2. Widjet

      Looking at listings on Dowling Properties website this morning I see that 2B/1BA apartments in older buildings within a reasonable distance of campus go for between $1500 and $1600 a month.  $1800 for a 2B/2BA brand new unit that is right next door to campus seems to align with market rates. If anything it might be under market.

    3. ryankelly

      Donna,  As of last year, Harrington is charging $750 per room in a rooming house with the only common area being the shared kitchen. He converted all of the living room spaces into bedrooms, thereby increasing the numbers of rooms he could rent.  You don’t think that he won’t increase the price over time?  This is happening all over town already, with landlords promoting 4 and 5 bedrooms in neighborhoods with standard 3 bed/2 bath homes?  The real issue is that people, including students are having difficulty locating housing  here and the numbers of students, staff and faculty having to commute to Davis from Woodland, Sac and other cities in the region is growing.  Additional housing is needed here in Davis and Nishi is right next to campus.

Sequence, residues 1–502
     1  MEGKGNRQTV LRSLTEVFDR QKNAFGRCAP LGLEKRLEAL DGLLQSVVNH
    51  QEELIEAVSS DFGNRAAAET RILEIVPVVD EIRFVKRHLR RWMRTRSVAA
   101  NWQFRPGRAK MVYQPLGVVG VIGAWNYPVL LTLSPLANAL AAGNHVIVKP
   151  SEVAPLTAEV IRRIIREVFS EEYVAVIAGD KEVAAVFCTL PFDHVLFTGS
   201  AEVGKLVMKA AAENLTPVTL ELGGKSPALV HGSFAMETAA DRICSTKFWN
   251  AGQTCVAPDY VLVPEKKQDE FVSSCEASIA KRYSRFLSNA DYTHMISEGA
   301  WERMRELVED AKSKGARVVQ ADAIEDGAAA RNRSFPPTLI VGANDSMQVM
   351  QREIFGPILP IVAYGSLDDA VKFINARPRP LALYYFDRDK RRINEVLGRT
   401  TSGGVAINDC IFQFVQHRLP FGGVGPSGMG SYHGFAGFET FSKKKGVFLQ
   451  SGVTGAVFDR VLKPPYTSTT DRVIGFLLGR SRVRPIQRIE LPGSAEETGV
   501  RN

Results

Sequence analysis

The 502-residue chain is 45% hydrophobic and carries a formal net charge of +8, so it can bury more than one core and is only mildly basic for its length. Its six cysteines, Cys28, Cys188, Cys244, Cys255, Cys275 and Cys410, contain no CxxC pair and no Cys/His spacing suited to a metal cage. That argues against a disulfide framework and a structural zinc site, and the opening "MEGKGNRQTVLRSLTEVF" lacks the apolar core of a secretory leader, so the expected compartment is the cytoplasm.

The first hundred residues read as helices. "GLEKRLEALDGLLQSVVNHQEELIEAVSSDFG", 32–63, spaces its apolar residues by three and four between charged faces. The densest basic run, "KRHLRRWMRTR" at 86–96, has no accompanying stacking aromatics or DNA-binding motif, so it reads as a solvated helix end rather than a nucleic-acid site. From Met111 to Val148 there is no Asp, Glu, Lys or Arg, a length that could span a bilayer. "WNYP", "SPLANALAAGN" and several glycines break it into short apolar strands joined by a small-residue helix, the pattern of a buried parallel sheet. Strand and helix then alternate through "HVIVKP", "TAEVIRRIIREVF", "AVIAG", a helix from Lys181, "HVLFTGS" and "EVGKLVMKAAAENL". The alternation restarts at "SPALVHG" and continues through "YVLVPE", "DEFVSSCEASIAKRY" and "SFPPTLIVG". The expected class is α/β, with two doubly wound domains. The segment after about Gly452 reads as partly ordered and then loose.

6. 2cowherd

    It is not clear to me why the City Council completely exempted “stacked” units from the affordable requirements instead of just reducing the percentage of units required. Can anyone explain the thinking here?

     

  7. Frankly

    Mike, Nancy – I am guessing that both of you voted for Jerry Brown seven years ago.  And assuming I am correct the both of you need to look in the mirror for being responsible for the death of RDA which was the primary tool for building affordable housing.